Editor’s Note

12 / www.FarmProgress.com March 2013
Michigan Farmer
Michigan Editorial
Stop blackballing baby carrots
I SEE it more and more these
days, people seem to enjoy
hitching a ride on the wave of
negativity. When something
sounds afoul or even the least
bit suspicious, whether it be
true or not, people are more than willing to
join in the parade of crusaders to spread
the news of some kind of wrong.
The latest Facebook fallacy I recently
came across was a smear tactic to undermine one of my ranch-dipping partners
— baby carrots. How dare they bash betacarotene goodness. It’s one thing to curse
fat-laden, sweetened, shaped, puffed,
greased and processed junk food, but to
loathe baby carrots is reprehensible.
The Facebook post, which I understand
started circulating a few years ago but just
now made it to my attention, explains
how baby carrots are made from larger
crooked or deformed carrots. It goes on to
say, “Once the carrots are cut and shaped
Editor’s Note
into cocktail carrots, they are dipped in a
solution of water and chlorine in order to
preserve them (this is the same chlorine
used in your pool) since they do not have
their skin or natural protective covering,
they give them a higher dose of chlorine.
You will notice that once you keep these
carrots in your refrigerator for a few days,
a white covering will form on the carrots;
this is the chlorine which resurfaces.”
It further urges people who care about
their family and friends to pass this knowledge on because, “Chlorine is a very wellknown carcinogen.”
It was a bit disturbing for me to see two
of my friends, whom I consider to be intelligent, quickly comment about how awful
and shocking this information was and
how they were going to stop purchasing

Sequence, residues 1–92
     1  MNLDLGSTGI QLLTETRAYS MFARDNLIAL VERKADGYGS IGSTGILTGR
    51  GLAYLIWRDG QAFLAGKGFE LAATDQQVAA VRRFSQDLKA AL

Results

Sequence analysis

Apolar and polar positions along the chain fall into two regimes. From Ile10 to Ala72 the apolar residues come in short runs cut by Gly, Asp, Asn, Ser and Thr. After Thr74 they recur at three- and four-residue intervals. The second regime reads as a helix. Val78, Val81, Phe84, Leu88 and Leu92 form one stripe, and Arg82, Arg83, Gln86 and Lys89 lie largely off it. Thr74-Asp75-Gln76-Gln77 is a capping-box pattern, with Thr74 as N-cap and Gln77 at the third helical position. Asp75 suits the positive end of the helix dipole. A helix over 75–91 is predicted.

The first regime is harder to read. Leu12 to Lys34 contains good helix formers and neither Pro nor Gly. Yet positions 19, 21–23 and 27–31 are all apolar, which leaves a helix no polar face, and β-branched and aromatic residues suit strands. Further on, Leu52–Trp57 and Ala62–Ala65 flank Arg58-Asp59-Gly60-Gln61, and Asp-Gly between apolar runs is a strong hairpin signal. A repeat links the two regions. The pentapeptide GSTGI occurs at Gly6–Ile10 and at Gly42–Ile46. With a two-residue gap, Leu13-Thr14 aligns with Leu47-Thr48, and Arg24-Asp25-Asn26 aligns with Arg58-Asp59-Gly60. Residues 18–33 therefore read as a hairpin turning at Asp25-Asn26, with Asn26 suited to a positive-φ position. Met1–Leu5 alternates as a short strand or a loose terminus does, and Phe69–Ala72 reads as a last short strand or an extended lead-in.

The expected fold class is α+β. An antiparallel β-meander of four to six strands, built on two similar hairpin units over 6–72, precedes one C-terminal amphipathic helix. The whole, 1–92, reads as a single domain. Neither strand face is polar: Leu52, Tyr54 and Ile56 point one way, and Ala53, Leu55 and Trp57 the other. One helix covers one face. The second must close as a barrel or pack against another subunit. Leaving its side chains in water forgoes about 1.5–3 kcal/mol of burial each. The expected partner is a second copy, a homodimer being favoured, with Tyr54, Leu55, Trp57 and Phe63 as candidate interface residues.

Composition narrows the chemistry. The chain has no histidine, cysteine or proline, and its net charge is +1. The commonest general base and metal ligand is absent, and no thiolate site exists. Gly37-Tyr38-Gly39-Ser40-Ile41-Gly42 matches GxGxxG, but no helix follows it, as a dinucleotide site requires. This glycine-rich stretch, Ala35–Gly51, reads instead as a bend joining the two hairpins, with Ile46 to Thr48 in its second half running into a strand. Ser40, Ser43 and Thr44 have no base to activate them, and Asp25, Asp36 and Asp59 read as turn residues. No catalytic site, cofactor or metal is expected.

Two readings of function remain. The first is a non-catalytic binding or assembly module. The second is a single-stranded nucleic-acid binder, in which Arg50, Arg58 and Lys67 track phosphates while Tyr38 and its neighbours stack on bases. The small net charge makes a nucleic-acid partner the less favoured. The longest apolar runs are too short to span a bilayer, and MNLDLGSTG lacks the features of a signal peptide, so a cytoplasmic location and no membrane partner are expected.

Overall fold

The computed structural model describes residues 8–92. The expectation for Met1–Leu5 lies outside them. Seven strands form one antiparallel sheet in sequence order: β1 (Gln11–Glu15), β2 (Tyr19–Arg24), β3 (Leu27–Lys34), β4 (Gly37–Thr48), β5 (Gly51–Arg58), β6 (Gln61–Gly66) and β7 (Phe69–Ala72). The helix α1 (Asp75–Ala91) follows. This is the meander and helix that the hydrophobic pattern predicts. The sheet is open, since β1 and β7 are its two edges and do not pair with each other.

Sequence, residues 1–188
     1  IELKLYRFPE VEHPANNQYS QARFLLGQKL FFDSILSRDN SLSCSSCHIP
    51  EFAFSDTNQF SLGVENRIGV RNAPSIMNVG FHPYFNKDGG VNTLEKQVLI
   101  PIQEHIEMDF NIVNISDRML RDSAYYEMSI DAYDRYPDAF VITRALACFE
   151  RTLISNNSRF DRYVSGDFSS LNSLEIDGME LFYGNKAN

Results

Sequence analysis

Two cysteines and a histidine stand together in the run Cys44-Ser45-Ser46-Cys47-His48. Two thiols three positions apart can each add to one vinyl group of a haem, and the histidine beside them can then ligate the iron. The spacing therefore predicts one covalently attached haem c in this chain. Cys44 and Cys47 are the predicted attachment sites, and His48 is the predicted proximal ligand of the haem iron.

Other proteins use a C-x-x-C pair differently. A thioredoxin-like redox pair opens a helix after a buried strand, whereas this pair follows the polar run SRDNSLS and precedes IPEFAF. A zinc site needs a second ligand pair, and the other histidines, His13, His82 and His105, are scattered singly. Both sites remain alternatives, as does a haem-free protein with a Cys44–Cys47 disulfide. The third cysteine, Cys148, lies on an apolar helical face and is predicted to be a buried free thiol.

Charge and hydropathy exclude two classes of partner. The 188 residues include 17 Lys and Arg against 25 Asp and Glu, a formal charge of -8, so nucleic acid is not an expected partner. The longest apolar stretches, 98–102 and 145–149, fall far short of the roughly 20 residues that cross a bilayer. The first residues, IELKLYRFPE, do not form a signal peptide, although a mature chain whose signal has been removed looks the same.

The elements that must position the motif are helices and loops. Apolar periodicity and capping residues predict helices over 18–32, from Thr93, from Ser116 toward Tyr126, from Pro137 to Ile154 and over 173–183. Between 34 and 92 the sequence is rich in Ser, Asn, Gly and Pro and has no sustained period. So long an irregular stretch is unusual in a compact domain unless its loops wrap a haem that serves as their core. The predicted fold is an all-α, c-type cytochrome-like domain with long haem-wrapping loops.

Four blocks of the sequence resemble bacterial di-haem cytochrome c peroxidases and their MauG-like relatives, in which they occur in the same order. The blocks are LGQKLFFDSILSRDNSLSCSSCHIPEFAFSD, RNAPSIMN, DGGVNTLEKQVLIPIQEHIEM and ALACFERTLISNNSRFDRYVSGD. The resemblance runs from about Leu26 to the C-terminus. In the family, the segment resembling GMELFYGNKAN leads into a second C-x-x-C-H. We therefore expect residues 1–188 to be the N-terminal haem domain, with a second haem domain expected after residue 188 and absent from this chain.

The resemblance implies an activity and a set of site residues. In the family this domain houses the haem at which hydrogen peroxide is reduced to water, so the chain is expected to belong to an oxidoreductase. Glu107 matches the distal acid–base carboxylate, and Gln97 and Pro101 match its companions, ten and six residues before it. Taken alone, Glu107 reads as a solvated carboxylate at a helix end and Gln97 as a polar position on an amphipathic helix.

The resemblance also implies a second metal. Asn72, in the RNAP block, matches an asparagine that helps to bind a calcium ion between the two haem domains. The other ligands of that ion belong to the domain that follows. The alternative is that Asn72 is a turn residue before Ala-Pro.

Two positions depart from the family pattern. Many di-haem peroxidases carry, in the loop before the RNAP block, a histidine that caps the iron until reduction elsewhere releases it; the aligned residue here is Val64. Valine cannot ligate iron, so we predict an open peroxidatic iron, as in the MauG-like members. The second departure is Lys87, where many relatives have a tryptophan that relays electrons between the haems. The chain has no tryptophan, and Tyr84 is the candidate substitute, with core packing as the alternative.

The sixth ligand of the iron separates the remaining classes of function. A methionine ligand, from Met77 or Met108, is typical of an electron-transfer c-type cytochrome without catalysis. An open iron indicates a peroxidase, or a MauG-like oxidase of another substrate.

baby carrots. Really? Maybe what made it
believable was the Facebook post said the
Odds and ends
Merry Farmer?
Ed Knauf of Osceola County came
across this little badge of sorts
accompanied with a pin — The Merry
Circle — The Michigan Farmer. He
obtained it from his aunt Edna Knauf,
who he believes has had it since the
early 1920s. It says, by being a member
you are, “expected to do the best
possible in spreading happiness, and
endeavoring to maintain good health,
and to gain knowledge in order to become a useful citizen of this country.” And
it adds, “Purity and loyalty to all good things should be the watchwords of all
members.” Does anyone have any additional history to share on this gem? It may
have some connection to Michigan Farmer magazine, but that’s not certain.
Tell us why you love farming
Also, how come Michigan farmers are not better represented in the entries for
the “Why I Love Farming” competition? I scrolled through the 60-some entries and
found only one from Michigan. I know Michigan farmers have lots of good reasons
for why they love farming — just write them down in 300 words or less. The best
way to enter is to visit www.FarmProgress.com and scroll to the bottom of the
website where you will see an ad along the bottom, click on that, register and turn
in your essay. Please share a photo of family or farm life, too!
If you do not have Internet, give me a shout at 989-224-1235 and leave your
address, I will mail you a registration. I would really love a Michigan farmer to
win this national competition. And, if you win, not only do you get bragging rights,
you could win a free Arctic Cat Prowler XTX! How awesome is that!
Call your Salford dealer today, or visit
information came from a farmer.
Truth is, yes, baby carrots were the
brainchild of a California grower who was
tired of losing half his carrot crop because